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Paige’s Story

Paige, a bright third grade student on the autism spectrum, sat at home for nearly two months waiting for a school placement that would meet her needs. 

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cover of guide07.27.2017 | AFC has a new guide on the rights of students with disabilities facing discipline! Students with disabilities have special rights and protections when they are suspended from school or removed from class, and one of those rights is a meeting called a Manifestation Determination Review (MDR). This comprehensive guide explains what happens at an MDR, how to prepare for the meeting, what happens afterwards, and what parents can do if they disagree with the school’s decision.  

Read the English guide [PDF]
Read the Spanish Guide [PDF]





page 1 of data brief07.24.2017 | Today, Advocates for Children of New York (AFC) released a data brief analyzing city and state data showing that English Language Learners (ELLs) are under-represented in career and technical education (CTE) programs at New York City high schools. Entitled Missed Potential: English Language Learners Under-Represented in NYC Career and Technical Education Programs, the brief examines ELL enrollment at schools that offer CTE, as well as their participation and completion rates in the CTE programs at those schools.

The paper offers a list of recommended steps the New York City Department of Education can take to begin to address barriers for ELLs, including resolving recruitment and enrollment issues, offering extra training for CTE instructors in serving ELLs, and providing classroom supports in CTE schools—such as bilingual CTE classes and translation and interpretation services.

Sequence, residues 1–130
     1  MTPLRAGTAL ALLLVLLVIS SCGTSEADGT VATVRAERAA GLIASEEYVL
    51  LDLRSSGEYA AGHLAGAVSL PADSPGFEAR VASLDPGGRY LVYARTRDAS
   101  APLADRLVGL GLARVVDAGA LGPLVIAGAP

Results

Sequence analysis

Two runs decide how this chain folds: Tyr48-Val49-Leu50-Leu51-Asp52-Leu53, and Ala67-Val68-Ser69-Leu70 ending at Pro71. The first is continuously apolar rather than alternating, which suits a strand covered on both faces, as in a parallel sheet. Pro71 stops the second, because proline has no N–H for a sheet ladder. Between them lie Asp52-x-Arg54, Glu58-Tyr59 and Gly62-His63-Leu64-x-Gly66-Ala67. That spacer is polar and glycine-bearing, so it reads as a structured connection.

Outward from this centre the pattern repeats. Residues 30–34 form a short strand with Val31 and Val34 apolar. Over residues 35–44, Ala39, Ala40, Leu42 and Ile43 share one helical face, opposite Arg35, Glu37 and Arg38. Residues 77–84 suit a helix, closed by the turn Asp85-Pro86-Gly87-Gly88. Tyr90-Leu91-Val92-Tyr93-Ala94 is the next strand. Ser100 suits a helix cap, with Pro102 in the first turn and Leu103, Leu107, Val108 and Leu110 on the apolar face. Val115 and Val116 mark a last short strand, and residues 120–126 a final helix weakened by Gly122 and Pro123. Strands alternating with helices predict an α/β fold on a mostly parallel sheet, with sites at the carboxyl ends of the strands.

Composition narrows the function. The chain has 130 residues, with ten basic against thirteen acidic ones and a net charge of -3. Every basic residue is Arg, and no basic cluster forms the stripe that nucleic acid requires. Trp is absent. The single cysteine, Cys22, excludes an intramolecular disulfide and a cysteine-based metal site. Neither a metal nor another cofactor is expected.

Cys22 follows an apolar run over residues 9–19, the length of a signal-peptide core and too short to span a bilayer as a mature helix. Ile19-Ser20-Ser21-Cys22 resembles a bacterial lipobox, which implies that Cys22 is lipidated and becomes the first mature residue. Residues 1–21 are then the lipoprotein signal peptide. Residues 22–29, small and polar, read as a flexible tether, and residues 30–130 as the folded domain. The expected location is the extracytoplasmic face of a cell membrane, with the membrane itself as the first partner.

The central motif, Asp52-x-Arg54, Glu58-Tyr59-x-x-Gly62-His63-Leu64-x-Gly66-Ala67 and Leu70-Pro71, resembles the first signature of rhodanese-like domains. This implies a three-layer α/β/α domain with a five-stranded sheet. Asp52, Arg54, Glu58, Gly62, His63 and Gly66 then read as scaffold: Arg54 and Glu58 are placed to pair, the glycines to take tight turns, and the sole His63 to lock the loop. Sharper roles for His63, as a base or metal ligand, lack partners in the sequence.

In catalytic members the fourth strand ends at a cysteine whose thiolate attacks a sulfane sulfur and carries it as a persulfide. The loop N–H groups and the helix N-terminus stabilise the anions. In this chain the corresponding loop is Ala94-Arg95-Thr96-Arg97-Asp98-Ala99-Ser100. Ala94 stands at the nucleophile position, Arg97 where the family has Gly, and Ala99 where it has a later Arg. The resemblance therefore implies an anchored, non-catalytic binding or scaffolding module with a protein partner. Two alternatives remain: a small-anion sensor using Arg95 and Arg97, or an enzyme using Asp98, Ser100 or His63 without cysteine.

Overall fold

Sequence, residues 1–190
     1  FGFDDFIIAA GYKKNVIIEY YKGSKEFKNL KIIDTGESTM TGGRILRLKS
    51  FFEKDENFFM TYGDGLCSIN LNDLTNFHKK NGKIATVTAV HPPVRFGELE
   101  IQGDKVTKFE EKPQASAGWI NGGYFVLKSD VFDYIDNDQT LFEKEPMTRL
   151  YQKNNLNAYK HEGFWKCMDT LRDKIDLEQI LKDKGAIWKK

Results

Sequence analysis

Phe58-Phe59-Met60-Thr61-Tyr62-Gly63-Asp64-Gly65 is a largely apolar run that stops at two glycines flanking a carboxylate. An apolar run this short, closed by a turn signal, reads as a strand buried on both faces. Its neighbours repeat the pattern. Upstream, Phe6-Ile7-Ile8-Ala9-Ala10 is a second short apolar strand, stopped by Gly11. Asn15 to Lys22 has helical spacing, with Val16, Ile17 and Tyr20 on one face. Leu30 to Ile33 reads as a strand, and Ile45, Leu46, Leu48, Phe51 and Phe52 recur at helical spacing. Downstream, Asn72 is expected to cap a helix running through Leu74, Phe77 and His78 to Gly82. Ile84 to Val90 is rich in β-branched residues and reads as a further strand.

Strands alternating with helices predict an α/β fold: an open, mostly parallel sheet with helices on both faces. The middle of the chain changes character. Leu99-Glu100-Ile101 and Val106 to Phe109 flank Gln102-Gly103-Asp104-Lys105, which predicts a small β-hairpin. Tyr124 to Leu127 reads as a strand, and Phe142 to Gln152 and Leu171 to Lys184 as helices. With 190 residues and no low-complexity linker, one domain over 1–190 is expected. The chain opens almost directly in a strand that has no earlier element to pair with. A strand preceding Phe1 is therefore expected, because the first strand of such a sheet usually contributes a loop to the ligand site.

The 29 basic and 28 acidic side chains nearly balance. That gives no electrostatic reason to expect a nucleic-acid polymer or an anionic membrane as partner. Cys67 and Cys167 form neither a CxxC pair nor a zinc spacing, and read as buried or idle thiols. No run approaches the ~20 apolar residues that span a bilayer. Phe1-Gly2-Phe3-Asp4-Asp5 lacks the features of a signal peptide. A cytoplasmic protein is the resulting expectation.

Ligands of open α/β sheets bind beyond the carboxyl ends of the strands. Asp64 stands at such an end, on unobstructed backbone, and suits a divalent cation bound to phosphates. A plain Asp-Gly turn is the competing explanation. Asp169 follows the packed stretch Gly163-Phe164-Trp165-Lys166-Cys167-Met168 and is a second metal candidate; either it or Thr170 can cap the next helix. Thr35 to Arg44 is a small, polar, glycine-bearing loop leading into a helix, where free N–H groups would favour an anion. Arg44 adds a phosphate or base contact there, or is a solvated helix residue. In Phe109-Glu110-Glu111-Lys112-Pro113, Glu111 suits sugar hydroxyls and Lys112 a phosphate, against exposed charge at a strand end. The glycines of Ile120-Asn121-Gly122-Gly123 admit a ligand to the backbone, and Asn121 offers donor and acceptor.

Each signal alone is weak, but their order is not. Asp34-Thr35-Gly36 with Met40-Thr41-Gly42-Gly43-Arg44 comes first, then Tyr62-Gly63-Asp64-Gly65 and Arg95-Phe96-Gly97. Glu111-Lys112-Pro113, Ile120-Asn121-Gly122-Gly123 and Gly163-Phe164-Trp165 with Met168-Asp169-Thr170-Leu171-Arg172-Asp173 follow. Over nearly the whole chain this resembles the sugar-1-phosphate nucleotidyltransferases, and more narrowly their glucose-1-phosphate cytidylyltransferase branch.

Read the data brief [PDF]
Read the press release [PDF]

06.19.2017 | Today, AFC sent a letter to the New York State Assembly and Senate, urging them to approve a long-term extension of mayoral control as a stand-alone bill that is not tied to other changes in education policy. View our letter [PDF]

guide cover06.16.2017 | AFC has a new guide for court-involved youth and their families! The guide (available in English and Spanish) includes a basic overview of the education rights of young people ages 7 to 21 in New York City who are or were involved in the juvenile or criminal justice system. It includes information about the education rights of youth in community and court-ordered settings (such as juvenile detention, juvenile placement, or Rikers Island). It also has information to help students transition back to school and find a school that meets the student’s needs. 

Read the English guide [PDF]
Read the Spanish guide [PDF]

05.25.2017 | Today AFC is testifying before the New York City Council about the Fiscal Year 2018 city budget proposal. We urge the Administration and City Council to increase funding for DOE social workers for students living in homeless shelters, Restorative Practices and other alternatives to school suspensions, and school accessibility. View testimony [PDF]